(CNN) -- Dr. Maria Siemionow, head of plastic surgery at the famed Cleveland Clinic, led a surgical team that recently performed the first face transplant in the United States.
Cleveland Clinic doctors spent 22 hours reconstructing a patient's face.
Siemionow and CNN chief medical correspondent Sanjay Gupta talked with CNN's Larry King about the reconstructive procedure and the prognosis for the patient. The following is an edited transcript of the interview.
Larry King: Dr. Siemionow, what caused the patient to need a new face?
Dr. Maria Siemionow: The patient has a severe deformity of the face after trauma and was missing a nose and missing cheekbones and a large part of the skin and the front of the face, upper lip, lower eyelids. There was a large part of the skin and bone components which were missing, and practically the patient was missing the front of the face. Watch a discussion of the transplant procedure »
King: Did you have to find the perfect donor?
Siemionow: No. That's not what were looking for. We were looking for a possibility of reconstructing this patient's face in a way that it would replace the missing components and that we would be able, also, to give back this patient's function, which is probably the most important idea behind this procedure. Interactive: Learn more about the procedure »
King: So what was the transplant?
Siemionow: Well, the transplant was the transfer of the transplanted face, which included (a) large amount -- about 80 percent of the entire face of the patient. It included skin components, bone components, the entire nose, cheekbones, a palette and upper lip and also included the eyelids -- the lower eyelids. Watch Siemionow discuss the procedure »
King: From another doctor's standpoint, Dr. Gupta -- and I know that you're not a plastic surgeon, but a brain surgeon -- what was the most amazing thing about this to you?
Sanjay Gupta: The face is one of the most complicated areas of the body. I mean, it's responsible for your facial expression, your ability to eat, your ability to breathe, your ability to speak, obviously. Being able to take all those really, really functional areas that are made up of so many nerves, so many blood vessels -- not to mention the cosmetic aspects of it -- and making it all come together and work in some sort of functional form is pretty remarkable.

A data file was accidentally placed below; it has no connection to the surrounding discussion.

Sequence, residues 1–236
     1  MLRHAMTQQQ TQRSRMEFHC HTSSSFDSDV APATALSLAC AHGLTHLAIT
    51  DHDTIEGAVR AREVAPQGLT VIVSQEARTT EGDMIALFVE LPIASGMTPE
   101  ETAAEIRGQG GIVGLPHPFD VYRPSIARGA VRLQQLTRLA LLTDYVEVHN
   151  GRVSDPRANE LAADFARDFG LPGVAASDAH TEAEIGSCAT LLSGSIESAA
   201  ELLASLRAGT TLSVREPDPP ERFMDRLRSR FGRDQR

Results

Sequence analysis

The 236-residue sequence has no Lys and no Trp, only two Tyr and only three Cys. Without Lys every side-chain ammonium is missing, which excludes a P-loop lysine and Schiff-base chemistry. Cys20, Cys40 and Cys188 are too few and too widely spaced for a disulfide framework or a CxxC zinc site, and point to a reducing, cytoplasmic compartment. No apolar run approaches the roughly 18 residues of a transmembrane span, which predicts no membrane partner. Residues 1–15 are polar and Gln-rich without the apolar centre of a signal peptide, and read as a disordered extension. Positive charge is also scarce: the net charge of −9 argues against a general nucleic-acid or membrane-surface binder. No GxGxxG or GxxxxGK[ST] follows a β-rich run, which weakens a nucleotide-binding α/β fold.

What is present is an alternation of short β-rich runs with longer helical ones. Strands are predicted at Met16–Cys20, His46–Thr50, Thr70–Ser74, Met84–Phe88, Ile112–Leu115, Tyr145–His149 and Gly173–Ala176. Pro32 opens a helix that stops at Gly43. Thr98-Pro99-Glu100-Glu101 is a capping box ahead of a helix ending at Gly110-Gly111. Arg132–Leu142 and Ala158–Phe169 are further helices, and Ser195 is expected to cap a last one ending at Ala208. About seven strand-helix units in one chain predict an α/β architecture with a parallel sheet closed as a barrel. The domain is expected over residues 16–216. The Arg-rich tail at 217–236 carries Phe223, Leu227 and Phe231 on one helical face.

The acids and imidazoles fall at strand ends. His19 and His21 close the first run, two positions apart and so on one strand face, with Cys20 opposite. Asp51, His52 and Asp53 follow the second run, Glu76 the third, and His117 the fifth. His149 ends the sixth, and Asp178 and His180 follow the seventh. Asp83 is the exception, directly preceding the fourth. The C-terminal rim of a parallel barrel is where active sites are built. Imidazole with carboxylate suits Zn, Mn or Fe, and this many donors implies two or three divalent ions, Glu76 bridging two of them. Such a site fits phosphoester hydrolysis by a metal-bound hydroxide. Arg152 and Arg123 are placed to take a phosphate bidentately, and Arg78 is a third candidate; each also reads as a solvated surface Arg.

King: Doctor, has the patient seen her new face?
Siemionow: No, the patient has not seen her face, but she touched her face, and she was very happy. She, for the first time a few days ago, just went with her fingers over her face. She felt that she has a nose. She was feeling her lip, and she was very happy.
King: How long did it take (to do the surgery)?
Siemionow: It took 22 hours -- 22 hours of many team members of different subspecialties working together, from one afternoon one day into the late afternoon the second day.
Gupta: It strikes me that you found the perfect recipient, someone who's a good candidate for this operation. Four years, though, it took, Dr. Siemionow. Is that how rare this type of procedure will be?
Siemionow: Yes. Well, you know, we discussed it very extensively, that you want to be sure that in our approach we were looking only at potential candidates who would be a patient who had already exhausted all conventional means of reconstruction. I think it's very important because you would like to be sure that the patient is not undergoing such a serious procedure without being helped in conventional means before.
However, it is very difficult to reconstruct certain parts of the face, including, for example, lips or including eyelids. Even reconstruction of the entire nose is difficult.
There are plastic surgeons who are doing wonderful reconstructive procedures, but they are also done in several attempts. This takes time and patients suffering and the results not always are presentable.
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